29 Feb, 2024 @ 11:18
1 min read

Junta blames DOLPHINS for hundreds of dead fish washed up in Spain’s Estepona

DOLPHINS are to blame for the hundreds of dead fish washed up in Spain’s Estepona, says the Junta. 

The fish were strewn all along the four km beach. Photo: Ecologistas Sierra Bermeja/Facebook

READ MORE: Thousands of dead fish are discovered on the shores of Spain’s Costa del Sol: Ecologists launch investigation

The city’s La Rada beach became a fish graveyard on Tuesday, February 6. 

Thousands of ‘immature dead fish’ appeared in the area, considered a Special Conservation Zone (ZEC) by the European Union.

It prompted calls from a local ecology group, Ecologistas Sierra Bermeja, to demand an explanation for the ‘mass death’. 

Now, the Junta de Andalucia has issued a statement saying the incident was probably caused by dolphins. 

They said that it was likely that the predators ‘disorientated’ the fish while hunting.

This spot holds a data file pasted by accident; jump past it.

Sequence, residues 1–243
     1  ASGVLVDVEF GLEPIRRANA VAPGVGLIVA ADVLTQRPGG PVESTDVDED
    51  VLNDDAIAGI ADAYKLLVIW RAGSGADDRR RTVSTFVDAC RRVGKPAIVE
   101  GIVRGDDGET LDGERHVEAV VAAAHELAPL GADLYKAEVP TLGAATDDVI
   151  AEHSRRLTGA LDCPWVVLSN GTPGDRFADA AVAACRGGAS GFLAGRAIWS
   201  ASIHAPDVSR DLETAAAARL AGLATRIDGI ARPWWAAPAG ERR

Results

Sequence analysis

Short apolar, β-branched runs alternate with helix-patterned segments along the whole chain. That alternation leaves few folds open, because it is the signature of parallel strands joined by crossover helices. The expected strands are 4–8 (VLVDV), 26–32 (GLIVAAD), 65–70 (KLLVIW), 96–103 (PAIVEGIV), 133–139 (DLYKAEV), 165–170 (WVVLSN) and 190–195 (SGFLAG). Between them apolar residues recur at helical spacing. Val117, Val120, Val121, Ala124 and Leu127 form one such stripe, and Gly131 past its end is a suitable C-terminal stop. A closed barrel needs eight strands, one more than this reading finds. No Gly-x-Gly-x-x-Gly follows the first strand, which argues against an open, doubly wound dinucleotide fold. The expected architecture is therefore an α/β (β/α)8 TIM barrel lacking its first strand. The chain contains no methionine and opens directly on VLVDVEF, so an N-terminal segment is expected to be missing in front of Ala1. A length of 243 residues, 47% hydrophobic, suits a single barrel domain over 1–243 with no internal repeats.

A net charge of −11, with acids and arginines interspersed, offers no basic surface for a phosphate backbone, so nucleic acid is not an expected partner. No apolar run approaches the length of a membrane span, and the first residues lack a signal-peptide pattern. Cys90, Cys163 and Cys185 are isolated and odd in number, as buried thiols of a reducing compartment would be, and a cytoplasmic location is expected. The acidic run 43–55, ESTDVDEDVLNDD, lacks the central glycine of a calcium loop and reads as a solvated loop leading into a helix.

This led them to swim to shore, where they drowned, claims the Junta. 

However, ecologists have questioned these findings on Facebook, saying: “They have acted quickly to calm the public and say nothing serious has happened. 

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“There is not even one sad piece of analysis, report or relationship drawn. What kind of professionals are they?”

In their original post, the group speculated the fish were split ‘surplus from a fishing boat’ or caused by a nearby wind farm. 

They also said the culprit could have been a ‘red wave’ or ‘contamination’.  

However, they disputed claims that the fish had been killed by predators. 

The collective has requested ‘an explanation into this mass death of fishes in one of Estepona’s busiest beaches’, claiming it could impact the towns ‘international image’ and its reputation as a protected space. 

They have also urged authorities to take ‘responsibility’ and impose ‘relevant sanctions.’ 

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Last year, a similar incident occurred in the Guadalhorce river, Malaga. 

The Junta estimated some 350 dead fish perished after becoming trapped in a basin. 

Over a period of a few days, sediment build up deprived them of oxygen.

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